Q: Why did you decide to go into an engineering/STEM-related field?

A: My fist step into STEM was in 2007 when I decided to take high school with an integrated technical degree in telecommunications. My goal was to learn how to fix computers because I liked to play in my family’s second hand computer and one day it went for repair and never came back! I had not thought engineering as a career until some of my professors asked if I have ever considered electrical engineering, because I had potential. That echoed in my mind and leaded me to search more information about the field. I also enjoyed a lot the technical course, so I chose to go electrical engineering with focus in telecommunications.

Q: Who is your role model and why?

A: I have a private “hall of fame” where I keep people who have crossed my life and which life experience is worth reproducing. Most of those figures are or were my professors. Unfortunately, few of them are women, but I do not feel anything weaker because talking with my male professors is always encouraging. Their guidance words and engagement in constructing my career means a world to me.

Q: What is the most important lesson you’ve learned through your participation in EPICS community service projects?

A: “How do you meet the partners expectation?” is a good lesson. As a project leader I have to think on actions that would ensure gender equality, keep high-school students’ interest on the activities and ways to ease knowledge transfer to the community. Those concepts are not usually part of an engineer life and that lead some of my team members to be skeptical. My task is being to convince them that we can do that! At the end, a big lesson will be that engineers can deploy and promote technology awareness.

Q: How has the EPICS program benefitted you overall?

A: Dealing with the real problems of deploying an engineering project is for sure something you do not learn in the classroom. How do you request a license? How to approach a municipality representative? Find a company who agrees shipping to a distant place in the Amazon … Well, all the students participating in the CELCOM project are facing new real situations, which are better preparing us to the job market.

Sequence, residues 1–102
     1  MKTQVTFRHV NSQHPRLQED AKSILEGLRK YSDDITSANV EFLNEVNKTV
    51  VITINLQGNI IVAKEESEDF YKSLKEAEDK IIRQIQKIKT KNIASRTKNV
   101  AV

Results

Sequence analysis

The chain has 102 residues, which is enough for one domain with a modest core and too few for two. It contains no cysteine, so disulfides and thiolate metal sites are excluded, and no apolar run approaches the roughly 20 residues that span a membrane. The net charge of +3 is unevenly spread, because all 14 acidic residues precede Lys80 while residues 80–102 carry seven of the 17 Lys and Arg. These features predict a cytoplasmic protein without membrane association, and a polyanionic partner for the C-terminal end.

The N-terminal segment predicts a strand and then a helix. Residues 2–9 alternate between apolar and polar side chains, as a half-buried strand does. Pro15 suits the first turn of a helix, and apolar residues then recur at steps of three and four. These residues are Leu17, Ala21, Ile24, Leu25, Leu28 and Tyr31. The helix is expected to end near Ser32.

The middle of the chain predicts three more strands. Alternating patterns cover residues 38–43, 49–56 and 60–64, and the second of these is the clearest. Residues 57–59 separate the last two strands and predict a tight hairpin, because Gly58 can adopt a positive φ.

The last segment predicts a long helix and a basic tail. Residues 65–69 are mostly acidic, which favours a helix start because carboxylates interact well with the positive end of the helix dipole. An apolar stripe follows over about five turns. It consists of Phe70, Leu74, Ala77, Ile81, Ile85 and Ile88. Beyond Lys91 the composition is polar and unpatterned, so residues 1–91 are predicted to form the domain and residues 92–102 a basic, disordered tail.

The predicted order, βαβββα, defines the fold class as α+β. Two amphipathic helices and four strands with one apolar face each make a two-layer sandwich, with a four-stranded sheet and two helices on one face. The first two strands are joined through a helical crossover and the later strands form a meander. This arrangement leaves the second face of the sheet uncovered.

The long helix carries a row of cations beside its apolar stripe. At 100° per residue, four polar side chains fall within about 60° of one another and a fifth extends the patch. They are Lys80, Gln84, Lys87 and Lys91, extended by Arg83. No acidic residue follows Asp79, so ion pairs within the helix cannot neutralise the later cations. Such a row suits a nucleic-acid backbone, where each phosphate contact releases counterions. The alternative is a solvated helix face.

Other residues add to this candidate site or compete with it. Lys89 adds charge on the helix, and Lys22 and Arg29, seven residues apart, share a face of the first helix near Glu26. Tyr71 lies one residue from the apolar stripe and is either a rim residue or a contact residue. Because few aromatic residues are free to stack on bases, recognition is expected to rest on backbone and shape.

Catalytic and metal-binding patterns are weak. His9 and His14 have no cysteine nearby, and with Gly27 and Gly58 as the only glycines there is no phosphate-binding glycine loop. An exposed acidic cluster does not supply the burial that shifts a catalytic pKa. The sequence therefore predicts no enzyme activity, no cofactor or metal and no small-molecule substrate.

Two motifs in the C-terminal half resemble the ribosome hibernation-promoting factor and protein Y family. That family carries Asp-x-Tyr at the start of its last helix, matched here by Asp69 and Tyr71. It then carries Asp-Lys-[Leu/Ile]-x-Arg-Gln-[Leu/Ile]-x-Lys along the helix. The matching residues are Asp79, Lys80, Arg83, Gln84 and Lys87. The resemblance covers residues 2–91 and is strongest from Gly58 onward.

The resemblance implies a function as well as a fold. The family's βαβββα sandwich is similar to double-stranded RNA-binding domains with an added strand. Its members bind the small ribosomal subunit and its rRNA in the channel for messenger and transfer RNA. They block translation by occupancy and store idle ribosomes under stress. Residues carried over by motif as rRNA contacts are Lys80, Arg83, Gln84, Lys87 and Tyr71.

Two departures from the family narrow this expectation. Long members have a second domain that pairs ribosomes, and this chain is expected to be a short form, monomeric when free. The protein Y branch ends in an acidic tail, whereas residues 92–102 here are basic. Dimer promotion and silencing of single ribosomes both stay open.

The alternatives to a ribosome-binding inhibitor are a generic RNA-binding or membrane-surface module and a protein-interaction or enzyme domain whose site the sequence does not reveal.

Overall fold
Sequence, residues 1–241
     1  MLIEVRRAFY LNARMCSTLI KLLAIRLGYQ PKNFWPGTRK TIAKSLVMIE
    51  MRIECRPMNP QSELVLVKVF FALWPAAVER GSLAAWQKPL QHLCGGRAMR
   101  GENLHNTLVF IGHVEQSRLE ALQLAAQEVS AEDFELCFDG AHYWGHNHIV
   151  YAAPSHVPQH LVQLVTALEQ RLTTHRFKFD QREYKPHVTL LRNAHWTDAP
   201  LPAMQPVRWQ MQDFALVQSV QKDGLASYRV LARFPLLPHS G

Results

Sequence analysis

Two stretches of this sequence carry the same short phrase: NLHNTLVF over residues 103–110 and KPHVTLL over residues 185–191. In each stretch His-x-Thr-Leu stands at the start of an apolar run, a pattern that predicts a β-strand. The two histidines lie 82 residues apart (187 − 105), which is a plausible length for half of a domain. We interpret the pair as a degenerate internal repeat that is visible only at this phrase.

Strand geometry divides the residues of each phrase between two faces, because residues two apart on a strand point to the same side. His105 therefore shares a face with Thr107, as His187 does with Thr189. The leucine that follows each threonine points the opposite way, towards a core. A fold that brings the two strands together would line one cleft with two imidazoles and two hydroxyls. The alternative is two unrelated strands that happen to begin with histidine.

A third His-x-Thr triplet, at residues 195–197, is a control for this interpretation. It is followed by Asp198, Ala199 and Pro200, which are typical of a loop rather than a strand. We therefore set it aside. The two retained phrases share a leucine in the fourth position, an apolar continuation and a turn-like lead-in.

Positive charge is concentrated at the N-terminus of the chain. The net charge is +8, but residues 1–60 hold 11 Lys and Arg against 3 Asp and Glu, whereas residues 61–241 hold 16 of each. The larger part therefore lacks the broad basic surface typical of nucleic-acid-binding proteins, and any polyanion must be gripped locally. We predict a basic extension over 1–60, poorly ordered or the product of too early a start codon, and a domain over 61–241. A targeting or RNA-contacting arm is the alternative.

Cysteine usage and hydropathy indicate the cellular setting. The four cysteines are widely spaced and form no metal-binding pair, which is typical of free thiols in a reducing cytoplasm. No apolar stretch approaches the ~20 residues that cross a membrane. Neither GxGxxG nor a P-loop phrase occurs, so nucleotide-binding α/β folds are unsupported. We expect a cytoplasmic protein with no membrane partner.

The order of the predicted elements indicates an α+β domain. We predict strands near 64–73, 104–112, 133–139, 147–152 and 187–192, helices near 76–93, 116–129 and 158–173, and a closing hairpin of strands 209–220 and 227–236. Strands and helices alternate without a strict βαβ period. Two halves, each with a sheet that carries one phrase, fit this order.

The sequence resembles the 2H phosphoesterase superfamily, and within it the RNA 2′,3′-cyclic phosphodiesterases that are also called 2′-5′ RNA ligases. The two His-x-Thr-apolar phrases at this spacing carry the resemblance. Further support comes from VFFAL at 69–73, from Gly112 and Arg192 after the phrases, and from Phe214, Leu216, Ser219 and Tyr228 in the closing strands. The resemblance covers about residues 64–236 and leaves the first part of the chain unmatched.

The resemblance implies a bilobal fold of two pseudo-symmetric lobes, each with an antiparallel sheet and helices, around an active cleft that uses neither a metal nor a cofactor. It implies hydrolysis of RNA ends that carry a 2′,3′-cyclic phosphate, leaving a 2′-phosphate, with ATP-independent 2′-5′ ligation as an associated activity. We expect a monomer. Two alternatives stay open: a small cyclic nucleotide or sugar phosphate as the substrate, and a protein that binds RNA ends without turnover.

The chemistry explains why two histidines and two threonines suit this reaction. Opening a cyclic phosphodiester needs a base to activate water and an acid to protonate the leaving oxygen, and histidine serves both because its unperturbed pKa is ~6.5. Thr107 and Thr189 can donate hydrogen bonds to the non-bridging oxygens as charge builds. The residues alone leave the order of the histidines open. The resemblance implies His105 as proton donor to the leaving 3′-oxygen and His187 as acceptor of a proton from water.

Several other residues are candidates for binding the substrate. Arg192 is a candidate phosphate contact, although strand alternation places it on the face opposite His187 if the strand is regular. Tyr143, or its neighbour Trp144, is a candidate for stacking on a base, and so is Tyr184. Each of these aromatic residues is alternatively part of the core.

Q: What advice do you have for other students considering a career in engineering?

A: If you like math, physics, and “impossible” is not a word in your dictionary, you are in a good track for engineering! Engineers can change realities and history by means of technology, so if you ever thought something could be done better by changing some stuff or using a different tool…you already have the engineer mindset, just choose your area and improve your knowledge. It will be, for sure, a great and enjoyable adventure! Oh, last, but more important: be curious and collaborative! Curiosity drives new ideas and collaboration is key in engineering as “no (wo)men is an island”.

Q: What is your future career plan and how do you think IEEE will help you get there?

A: As most of my influencers are professors, it is straightforward to think about a PhD and be a professor. However, with this whole thing of innovation and digital revolution, I wonder how exciting it would be to work in a company that is going toward this new society. I believe the combination of classes, research projects, community projects and IEEE leadership are making my undergrad experience pretty enjoyable and the skills I am learning are required when pursuing any of those career paths.